Black in America After Thoughts

Last night I watched Black in America. This installment in the series was great. It really looked at something that people don’t talk about but it happens on a daily basis. Colorism is often overlooked as something that is not as serious as racism. It is overlooked because people do it everyday and don’t give it a second thought as to whether what they are saying is offensive. The thing with colorism is that, it is just as dangerous as racism. It places a hierarchical nature on who is beautiful and who isn’t and how people view themselves. The worse part is that just like racism, colorism is taught. We don’t come out of the womb thinking “Oh she is pretty because she is light skinned and I am not because I am dark skinned”. We only start to make these statements as we grow up and hear other people say them. A very good example is when babies are born and they have a light complexion and people are like oh she/he baby is cute. Then turn around and see a very cute baby that has a darker complexion and give a hair compliment instead, as if because the baby is darker she/he is not a cute. You know they say when people think a child is not cute they will compliment something else about the child other than the looks, i.e., hair, outfit, eyes. So this installment made me think about my own journey with colorism.

As a Black person with darker skin, I can say watching Black in American really resonated with me. I, just like the little girl thought a light complexion was beautiful and that I wasn’t because of my complexion. It impacted how I wore my hair, how I talked, and the friends I surrounded myself with. I was accustomed to being darker than some of my family members and also being called out about it. The only good thing is that my mother didn’t play those games.  She emphasized that we were all beautiful and that your complexion did not make you beautiful. She, having a darker complexion did not bite her tongue when it came to people saying a person was cute because of their complexion. She was very vocal about people who she thought was cute and people she didn’t based on their attitudes and how others treated them.  Most of the time the people she didn’t think were cute, were the people everyone else made a big deal out of and treated them differently because they had a lighter complexion. Although I grew up knowing this, it did not change how I viewed myself. Outside of the house, I still had to hear comments and jokes and my complexion or people who were darker than myself.  My mother, father, sisters, brothers, nieces, nephew, and my great niece all either have a medium or dark complexion.  So you would think we would never call each other Black or ugly or things like that but we did because that was what we knew and heard other say. That was what other people said, excluding my mommy.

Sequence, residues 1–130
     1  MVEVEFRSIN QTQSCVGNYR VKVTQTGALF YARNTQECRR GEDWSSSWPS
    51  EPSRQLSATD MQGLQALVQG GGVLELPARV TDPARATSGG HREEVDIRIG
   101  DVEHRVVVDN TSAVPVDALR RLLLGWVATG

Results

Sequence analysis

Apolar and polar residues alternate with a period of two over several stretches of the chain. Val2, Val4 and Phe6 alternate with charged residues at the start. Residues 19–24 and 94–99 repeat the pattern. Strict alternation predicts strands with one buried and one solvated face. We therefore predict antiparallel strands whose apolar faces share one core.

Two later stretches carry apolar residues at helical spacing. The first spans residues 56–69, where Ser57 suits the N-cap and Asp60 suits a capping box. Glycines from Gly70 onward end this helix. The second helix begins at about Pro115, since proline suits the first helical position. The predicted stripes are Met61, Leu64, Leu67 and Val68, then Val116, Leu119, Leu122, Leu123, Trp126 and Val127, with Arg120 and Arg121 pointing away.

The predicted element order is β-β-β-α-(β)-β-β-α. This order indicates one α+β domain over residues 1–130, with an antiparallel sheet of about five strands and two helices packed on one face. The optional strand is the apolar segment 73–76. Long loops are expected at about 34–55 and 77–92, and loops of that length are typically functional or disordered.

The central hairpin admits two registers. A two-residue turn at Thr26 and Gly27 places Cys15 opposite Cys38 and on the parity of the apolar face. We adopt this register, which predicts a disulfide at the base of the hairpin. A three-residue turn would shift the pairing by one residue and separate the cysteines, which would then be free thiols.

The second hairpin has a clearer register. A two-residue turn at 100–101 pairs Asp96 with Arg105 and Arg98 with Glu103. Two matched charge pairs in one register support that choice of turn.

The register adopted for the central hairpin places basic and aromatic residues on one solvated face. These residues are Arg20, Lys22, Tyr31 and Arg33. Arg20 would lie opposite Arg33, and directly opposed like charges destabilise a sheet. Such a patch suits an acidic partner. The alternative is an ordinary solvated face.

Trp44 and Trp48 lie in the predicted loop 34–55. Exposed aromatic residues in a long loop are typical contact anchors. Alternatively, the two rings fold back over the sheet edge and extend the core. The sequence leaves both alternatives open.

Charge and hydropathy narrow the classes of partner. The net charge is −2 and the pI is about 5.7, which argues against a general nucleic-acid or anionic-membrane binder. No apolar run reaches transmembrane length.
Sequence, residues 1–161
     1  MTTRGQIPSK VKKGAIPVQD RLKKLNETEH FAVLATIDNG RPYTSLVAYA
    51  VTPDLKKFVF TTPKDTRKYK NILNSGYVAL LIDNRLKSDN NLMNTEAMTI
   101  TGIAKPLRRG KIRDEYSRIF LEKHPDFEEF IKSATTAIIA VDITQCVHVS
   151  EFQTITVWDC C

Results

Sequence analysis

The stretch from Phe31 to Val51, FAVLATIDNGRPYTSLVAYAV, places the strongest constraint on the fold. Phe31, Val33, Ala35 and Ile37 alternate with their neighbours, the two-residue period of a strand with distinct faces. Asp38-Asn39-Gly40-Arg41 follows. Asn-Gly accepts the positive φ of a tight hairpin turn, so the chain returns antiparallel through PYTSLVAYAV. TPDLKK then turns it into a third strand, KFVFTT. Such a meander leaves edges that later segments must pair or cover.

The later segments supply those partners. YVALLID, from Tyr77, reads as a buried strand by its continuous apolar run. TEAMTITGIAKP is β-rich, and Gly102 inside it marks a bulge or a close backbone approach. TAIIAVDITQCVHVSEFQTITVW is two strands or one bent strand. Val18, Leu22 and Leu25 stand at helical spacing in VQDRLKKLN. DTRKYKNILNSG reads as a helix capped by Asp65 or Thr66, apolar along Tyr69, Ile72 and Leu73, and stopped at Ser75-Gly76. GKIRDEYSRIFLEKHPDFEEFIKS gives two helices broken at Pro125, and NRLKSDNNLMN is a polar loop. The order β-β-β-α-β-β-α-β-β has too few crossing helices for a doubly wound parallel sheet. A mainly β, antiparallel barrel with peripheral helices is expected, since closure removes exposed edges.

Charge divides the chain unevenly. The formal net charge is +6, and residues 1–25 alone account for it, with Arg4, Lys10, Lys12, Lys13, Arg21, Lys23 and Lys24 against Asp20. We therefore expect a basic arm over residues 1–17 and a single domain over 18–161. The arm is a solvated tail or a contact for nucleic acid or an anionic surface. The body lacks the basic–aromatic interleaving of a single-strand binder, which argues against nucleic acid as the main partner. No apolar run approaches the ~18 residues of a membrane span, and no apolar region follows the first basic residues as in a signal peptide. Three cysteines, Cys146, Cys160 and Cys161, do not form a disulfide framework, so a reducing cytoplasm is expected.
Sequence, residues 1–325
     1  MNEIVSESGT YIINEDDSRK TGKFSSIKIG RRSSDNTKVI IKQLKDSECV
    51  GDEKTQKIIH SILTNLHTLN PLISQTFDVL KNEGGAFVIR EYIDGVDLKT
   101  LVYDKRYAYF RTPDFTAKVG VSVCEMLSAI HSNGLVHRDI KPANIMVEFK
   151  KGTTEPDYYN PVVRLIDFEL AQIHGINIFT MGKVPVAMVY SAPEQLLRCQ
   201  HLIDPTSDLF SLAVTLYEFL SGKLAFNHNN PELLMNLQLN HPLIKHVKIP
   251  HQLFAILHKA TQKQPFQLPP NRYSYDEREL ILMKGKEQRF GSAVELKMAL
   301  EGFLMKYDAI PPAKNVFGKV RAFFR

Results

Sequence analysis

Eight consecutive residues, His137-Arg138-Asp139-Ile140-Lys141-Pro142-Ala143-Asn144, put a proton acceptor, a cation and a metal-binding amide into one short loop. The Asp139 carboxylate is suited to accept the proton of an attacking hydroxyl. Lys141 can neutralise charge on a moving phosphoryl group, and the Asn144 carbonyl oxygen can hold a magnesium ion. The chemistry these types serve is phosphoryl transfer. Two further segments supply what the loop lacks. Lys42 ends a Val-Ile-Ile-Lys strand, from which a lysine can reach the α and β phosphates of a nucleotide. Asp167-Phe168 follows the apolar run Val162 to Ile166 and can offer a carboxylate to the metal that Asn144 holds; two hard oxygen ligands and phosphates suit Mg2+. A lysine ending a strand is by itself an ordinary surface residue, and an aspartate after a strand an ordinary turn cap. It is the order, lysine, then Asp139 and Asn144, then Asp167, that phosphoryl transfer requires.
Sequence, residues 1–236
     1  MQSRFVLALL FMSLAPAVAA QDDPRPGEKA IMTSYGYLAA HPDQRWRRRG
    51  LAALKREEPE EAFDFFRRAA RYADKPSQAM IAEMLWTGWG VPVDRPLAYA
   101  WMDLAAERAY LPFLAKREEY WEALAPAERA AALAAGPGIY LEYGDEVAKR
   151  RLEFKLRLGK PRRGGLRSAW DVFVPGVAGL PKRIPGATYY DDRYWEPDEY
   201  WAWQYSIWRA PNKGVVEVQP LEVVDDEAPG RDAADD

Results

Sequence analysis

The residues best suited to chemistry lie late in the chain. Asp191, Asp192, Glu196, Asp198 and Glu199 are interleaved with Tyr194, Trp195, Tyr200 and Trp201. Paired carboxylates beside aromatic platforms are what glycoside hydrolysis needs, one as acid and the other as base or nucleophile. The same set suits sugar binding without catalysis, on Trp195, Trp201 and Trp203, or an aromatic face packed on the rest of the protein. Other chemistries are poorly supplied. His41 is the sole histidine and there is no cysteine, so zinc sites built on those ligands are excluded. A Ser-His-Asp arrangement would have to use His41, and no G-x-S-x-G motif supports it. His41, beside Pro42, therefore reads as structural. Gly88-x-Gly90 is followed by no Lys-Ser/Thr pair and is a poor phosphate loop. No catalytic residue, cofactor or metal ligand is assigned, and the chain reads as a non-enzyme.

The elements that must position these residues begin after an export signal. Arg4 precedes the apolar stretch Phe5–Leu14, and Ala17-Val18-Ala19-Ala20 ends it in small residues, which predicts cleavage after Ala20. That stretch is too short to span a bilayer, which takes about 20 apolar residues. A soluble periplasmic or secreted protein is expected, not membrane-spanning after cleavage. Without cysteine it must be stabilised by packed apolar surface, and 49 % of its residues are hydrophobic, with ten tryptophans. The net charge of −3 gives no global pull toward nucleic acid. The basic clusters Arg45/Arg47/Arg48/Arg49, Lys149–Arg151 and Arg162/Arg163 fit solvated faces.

It took a while for me to realize that the color of my skin did not make me beautiful but the spirit that was within and how I treated others. It became more apparent as I got older and people who were of a light complexion suddenly became ugly, (and some of them still are) because of their attitudes and how they treated others. It still frustrated me that as much progress I made with my attitudes towards people of different shades of Blackness, I still would heard the same attitudes and words that made my progression difficult.  As I began to gain more confidence in myself and my skin, I began to see a change in how others viewed me. True, most of the time people knew me as the smart girl but I became more than a smart girl when I started to realize that I could be smart and beautiful. 

Now I am not just that smart girl anymore . I am that natural haired girl that talks a lot and wants to teach others about the impact of communication,specifically Black people, who has a really pretty smile and really smooth skin, and who marches to her own beat. True, some people will still characterize me by my complexion and I will still be discriminated against because of my complexion, but I am okay with the person I am. It has taken a long time for me to get there and a few people telling me I am beautiful and redefining what beauty is, for me to get here but I am here.  

So Black in America rocked last night and really made me think about my journey to becoming okay with my complexion and the person I have become!!!


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